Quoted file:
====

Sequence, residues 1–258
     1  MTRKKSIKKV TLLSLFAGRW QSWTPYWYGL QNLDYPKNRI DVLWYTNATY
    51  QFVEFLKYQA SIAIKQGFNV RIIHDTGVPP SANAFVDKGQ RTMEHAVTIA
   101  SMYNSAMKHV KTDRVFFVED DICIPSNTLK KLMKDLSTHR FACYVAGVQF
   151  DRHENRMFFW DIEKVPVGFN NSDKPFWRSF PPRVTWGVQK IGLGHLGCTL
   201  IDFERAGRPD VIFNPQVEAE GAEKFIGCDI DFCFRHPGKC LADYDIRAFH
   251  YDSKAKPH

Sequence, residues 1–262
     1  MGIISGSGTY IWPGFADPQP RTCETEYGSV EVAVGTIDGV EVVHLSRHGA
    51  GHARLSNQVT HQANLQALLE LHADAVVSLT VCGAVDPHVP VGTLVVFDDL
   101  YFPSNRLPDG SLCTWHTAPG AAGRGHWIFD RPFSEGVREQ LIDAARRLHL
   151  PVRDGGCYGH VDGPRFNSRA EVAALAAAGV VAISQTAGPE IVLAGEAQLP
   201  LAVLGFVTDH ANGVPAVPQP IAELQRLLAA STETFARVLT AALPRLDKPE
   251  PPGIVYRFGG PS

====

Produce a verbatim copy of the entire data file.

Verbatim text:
Sequence, residues 1–258
     1  MTRKKSIKKV TLLSLFAGRW QSWTPYWYGL QNLDYPKNRI DVLWYTNATY
    51  QFVEFLKYQA SIAIKQGFNV RIIHDTGVPP SANAFVDKGQ RTMEHAVTIA
   101  SMYNSAMKHV KTDRVFFVED DICIPSNTLK KLMKDLSTHR FACYVAGVQF
   151  DRHENRMFFW DIEKVPVGFN NSDKPFWRSF PPRVTWGVQK IGLGHLGCTL
   201  IDFERAGRPD VIFNPQVEAE GAEKFIGCDI DFCFRHPGKC LADYDIRAFH
   251  YDSKAKPH

Sequence, residues 1–262
     1  MGIISGSGTY IWPGFADPQP RTCETEYGSV EVAVGTIDGV EVVHLSRHGA
    51  GHARLSNQVT HQANLQALLE LHADAVVSLT VCGAVDPHVP VGTLVVFDDL
   101  YFPSNRLPDG SLCTWHTAPG AAGRGHWIFD RPFSEGVREQ LIDAARRLHL
   151  PVRDGGCYGH VDGPRFNSRA EVAALAAAGV VAISQTAGPE IVLAGEAQLP
   201  LAVLGFVTDH ANGVPAVPQP IAELQRLLAA STETFARVLT AALPRLDKPE
   251  PPGIVYRFGG PS